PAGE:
We can solve the greenhouse gasses problem by simply doing two things:
- Stop cutting down trees.
- Stop burning fossil fuels.
Sure, you say, and by simply pulling the plug on the economy. Au contraire, we could also strengthen our economy by finding the proper replacements.
Stop Cutting Down Trees
We use trees for building, making paper and burning as fuel.
The largest percentage of trees chopped down in any given year goes to the pulp mills. Other plant fiber can produce paper of equal or higher quality. Hemp, if legalized, could provide such fiber at a competitive price. (Indeed some people believe that William Randolph Hearst's large holdings in forests for wood pulp may have helped determine the anti-marijuana editorial policy of his papers.)
Manufacturers can also turn hemp fiber into synthetic lumber that builders can use the same as they currently use lumber, but without having to worry about termites. Since hemp grows much faster than trees, the lower growing cost plus the manufacturing costs could compete with the higher growing costs plus the milling costs of lumber (once again, assuming the legalization of hemp).
Burning trees as fuel makes zero impact on greenhouse gasses as long as the burning happens at a sustainable rate. As long as we burn no more than we grow, we simply recycle the carbon and oxygen; the trees we grow to replace the wood we burned consumes the CO2 created by burning the wood, keeping the cycle in balance.
Stop Burning Fossil Fuels
We can shift from fossil fuels to biomass. CO2 created by burning biomass, or biomass based fuels, gets consumed by the plants we use as the biomass. These plants in turn release oxygen into the atmosphere. The one problem with this solution is finding a plant to produce sufficient biomass. Actually, we know the answer. So the real problem is legalizing the hemp plant.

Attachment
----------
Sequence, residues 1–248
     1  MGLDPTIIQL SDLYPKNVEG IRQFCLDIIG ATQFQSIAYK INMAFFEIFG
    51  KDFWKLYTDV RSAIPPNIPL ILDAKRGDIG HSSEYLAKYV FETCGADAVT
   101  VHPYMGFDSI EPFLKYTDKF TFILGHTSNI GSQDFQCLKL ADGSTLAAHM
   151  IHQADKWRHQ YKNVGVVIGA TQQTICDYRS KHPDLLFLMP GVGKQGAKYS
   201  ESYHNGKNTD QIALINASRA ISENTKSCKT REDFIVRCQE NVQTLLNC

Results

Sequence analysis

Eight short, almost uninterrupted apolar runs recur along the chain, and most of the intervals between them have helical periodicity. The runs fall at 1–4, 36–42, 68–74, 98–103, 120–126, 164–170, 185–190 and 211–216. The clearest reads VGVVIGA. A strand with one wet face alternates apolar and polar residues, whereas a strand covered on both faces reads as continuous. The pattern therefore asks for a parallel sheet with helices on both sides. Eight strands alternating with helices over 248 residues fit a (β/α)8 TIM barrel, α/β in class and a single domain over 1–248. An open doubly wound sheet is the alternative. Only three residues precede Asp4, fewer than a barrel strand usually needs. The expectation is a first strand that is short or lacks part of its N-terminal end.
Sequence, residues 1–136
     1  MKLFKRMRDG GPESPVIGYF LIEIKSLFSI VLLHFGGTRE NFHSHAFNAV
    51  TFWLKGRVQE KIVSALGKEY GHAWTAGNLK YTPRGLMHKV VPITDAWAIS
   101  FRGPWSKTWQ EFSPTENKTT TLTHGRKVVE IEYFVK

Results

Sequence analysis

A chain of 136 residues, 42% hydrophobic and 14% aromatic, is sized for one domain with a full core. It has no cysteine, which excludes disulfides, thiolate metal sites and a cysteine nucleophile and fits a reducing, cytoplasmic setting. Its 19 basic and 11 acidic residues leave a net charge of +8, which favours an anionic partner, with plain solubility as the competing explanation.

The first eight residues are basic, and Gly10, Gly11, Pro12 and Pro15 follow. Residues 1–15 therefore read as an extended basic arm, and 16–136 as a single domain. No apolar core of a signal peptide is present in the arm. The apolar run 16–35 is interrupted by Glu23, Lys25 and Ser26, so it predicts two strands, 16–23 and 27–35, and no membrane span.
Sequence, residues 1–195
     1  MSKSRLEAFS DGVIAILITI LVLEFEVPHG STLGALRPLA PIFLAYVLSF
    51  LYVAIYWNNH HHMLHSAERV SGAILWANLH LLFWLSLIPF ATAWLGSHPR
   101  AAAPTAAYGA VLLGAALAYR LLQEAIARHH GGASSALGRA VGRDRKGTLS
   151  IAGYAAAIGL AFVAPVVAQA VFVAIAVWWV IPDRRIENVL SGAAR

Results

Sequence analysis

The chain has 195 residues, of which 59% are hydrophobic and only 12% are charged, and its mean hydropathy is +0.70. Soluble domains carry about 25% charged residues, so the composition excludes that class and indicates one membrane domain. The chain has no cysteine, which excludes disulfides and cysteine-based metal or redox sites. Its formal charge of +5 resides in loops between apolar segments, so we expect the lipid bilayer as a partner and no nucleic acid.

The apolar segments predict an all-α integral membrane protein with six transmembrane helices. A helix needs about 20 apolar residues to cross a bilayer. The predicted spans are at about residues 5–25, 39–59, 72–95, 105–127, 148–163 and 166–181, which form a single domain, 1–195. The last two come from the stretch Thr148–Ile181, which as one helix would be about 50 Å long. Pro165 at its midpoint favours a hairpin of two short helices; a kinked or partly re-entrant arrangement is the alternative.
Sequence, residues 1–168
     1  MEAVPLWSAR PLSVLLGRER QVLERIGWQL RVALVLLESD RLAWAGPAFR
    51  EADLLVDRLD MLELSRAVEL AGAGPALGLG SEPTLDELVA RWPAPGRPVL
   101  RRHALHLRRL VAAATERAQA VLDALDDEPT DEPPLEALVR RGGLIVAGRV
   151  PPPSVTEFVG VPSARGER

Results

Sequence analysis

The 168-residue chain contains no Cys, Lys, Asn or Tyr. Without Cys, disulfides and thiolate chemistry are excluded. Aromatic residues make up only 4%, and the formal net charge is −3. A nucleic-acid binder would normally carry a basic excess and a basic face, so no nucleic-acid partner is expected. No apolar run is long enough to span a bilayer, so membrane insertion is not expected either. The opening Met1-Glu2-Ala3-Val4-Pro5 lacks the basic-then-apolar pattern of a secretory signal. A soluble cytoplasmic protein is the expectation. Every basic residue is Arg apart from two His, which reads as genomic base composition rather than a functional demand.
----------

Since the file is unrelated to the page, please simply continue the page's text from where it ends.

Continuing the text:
We currently have the technology to convert hemp into feedstock for refineries. The refineries could continue producing gasoline, diesel and jet fuel, but we would not be adding to the greenhouse gasses by using these fuels based on renewable rather than fossil resources. This same process would provide us with feedstock for the plastics manufacturers.
Hemp could grow in (and help replenish the soil of) fallow fields; indeed just the fallow fields in the US could produce more than enough hemp to completely replace all petroleum usage. Growing fuel here instead of importing it from half way around the world has some obvious advantages both economic and strategic.
In addition to helping solve the greenhouse gasses problem, we also realize other benefits from legalizing hemp and shifting to biomass:
- We would not need to import it or send troops overseas to defend it.
- The Coast Guard would have a much easier job of cleaning up if the Exxon Valdez carried bales of hemp.
- By using plastics created from our biomass, we could eliminate the "need" to cut down rainforests to provide stock for making Styrofoam containers for our fast food.
- We would not need the hemp seed as part of the biomass. We could use it as a food source, and for its oil. Hemp seed compares favorably to the soybean for nutritional value, and a study at UCLA showed that hemp oil in the diet helped clear the arteries. Of course, the seeds could bring in as much cash for the farmer as the biomass, if not more.